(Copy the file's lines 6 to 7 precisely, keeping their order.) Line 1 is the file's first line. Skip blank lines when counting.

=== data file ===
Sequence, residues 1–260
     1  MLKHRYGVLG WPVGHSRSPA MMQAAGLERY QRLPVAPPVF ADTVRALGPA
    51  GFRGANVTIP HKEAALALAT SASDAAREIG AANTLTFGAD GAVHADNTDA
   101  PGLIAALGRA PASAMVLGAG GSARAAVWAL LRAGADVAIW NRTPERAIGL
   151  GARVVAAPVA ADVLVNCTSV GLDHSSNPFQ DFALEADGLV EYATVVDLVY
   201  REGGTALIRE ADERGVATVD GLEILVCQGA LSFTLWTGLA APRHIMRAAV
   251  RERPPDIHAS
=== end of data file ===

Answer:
   201  REGGTALIRE ADERGVATVD GLEILVCQGA LSFTLWTGLA APRHIMRAAV
   251  RERPPDIHAS